Dairy and Non-Dairy Yogurt and Kefir

July 10, 2011 at 5:34 am 1 comment

In continuing our  series on fermentation and cultured foods, one  of the most interesting are the cultured drinks and yogurts found in other cuisines including those of Russia, Japan, central Asia, Europe, the Middle East and even South America. Most of these drinks are made of fermented unpasteurized milks of various animals. Cow’s milk is the most prevalent of fermented drinks although goat, sheep and even mare’s milk are used.

In Turkey and Southern Europe for example cold yogurt is mixed with water and a bit of salt. This is served with pastries, grilled meat dishes and pilafs. Some parts of the Black Sea area and the Mediterranean coast yogurts are made with goat’s milk or ewe’s milk. Some yogurt drinks in this region are often quite frothy, and sometimes have mild alcohol content. Other drinks are flavored with mint, cinnamon or a bit of cumin or turmeric.

In India, yogurt is used in cooking as a marinade, at meals as a cooling cucumber and yogurt sauce called ‘raita’ and as a drink called ‘lassi.’ This drink is much like a smoothie and is quite refreshing. Made of yogurt and blended with water and spices it is served very cold. Varieties are the salted lassi and the sweet lassi. Mangos are sometimes blended with yogurt (mango lassi) and other varieties use such spices as saffron is used (saffron lassi).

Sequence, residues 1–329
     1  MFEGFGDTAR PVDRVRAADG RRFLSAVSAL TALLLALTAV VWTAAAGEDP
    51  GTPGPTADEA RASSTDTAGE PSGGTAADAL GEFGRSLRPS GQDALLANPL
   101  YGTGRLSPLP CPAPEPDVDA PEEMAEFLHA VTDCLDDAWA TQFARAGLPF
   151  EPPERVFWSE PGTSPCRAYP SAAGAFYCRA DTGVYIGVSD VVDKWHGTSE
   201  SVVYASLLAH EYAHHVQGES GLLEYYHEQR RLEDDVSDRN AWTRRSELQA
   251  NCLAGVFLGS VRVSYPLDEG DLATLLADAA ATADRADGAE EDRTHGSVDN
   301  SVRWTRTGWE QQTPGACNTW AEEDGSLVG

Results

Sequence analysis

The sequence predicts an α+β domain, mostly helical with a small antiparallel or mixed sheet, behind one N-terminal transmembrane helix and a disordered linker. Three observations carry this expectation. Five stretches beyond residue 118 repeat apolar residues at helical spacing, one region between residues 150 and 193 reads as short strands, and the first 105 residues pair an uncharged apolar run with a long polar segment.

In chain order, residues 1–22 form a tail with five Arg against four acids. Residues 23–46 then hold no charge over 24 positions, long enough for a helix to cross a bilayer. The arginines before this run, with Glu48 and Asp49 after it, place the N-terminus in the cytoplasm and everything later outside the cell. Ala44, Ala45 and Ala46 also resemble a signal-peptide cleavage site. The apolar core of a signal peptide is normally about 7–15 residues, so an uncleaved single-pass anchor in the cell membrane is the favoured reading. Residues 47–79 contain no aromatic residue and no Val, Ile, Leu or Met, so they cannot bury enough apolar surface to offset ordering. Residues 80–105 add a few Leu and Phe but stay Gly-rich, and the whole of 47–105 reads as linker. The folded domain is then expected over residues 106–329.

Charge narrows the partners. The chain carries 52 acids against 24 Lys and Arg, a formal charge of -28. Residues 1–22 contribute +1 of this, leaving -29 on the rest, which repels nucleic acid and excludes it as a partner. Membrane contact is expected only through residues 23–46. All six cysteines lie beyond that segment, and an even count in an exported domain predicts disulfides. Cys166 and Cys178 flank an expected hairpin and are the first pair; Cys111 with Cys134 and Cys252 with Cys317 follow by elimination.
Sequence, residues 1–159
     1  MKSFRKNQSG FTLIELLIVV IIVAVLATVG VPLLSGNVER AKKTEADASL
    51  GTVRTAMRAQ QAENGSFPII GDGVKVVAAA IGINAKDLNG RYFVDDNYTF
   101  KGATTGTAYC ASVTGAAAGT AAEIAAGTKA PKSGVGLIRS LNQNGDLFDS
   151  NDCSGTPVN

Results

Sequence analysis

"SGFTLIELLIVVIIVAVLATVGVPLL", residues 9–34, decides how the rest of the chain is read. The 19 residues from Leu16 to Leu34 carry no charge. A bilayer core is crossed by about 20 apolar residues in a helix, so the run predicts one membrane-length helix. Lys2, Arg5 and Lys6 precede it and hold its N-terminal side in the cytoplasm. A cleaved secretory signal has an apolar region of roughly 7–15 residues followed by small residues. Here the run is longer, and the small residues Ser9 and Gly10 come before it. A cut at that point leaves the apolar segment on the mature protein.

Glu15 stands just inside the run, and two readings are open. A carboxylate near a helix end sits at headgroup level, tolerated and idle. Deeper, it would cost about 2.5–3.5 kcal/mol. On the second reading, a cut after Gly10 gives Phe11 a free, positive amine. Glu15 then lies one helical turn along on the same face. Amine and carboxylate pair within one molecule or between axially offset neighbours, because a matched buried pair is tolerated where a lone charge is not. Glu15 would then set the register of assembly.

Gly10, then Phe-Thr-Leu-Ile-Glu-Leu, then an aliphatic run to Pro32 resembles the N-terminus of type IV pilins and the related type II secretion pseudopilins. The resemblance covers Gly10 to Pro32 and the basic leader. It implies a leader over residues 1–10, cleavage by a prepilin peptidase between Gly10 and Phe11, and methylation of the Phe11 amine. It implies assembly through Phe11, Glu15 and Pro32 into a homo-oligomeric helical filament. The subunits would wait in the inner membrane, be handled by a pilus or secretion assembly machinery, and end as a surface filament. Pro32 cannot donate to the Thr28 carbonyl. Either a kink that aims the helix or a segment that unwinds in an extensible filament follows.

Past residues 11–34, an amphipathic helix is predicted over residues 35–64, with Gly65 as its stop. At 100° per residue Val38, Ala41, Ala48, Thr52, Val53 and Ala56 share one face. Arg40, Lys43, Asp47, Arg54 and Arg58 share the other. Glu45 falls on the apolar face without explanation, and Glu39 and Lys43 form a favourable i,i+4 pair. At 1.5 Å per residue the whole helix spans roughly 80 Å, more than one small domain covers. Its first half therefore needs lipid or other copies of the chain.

Kefir is a fermented milk drink thinner than yogurt that has origins in the region of Northern Russia. Nomadic shepherds discovered that fresh milk carried in leather pouches would occasionally ferment into an effervescent beverage.

Kefir is made from grains that resemble cauliflower. Like the scoby used in making kombucha, kefir grains are a living symbiotic culture of bacteria and yeasts in a mold of proteins, sugars and lipids. They can easily be found prepackaged in the freeze dried form as well.

Yogurt and kefir has gained popularity in the United States with many commercial companies using lab created strains of bacteria. These commercial yogurts are typically pasteurized with large amounts of extra sugars and varieties of flavors added including chocolate. The author has found these products to be useful in a pinch; however making one’s own yogurt, kefir and other drinks is easy, satisfying to the palate and healthier. As a family, making yogurt or kefir can be really fun too! Yogurt used in  smoothies can be a meal in a glass.The kids can make there own recipe by adding there favorite fresh fruits, nuts and spices.  Versatile yet tasty, yogurt can be used in baking as well as sauces, and soups. A variety of milks can be used to make yogurt including coconut, soy and nut milks . If you want to find out more about making fermented yogurt and drinks in your very own kitchen, join the author at the Co-op July 5 @ 7 pm. Call 412 242 3598 #5 and reserve your seat today. Come and taste the goodness!

Entry filed under: and kefir, Culinary Medicine, Fermented Foods, yogurt. Tags: , .

Fermentation and Kombucha

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July 2011

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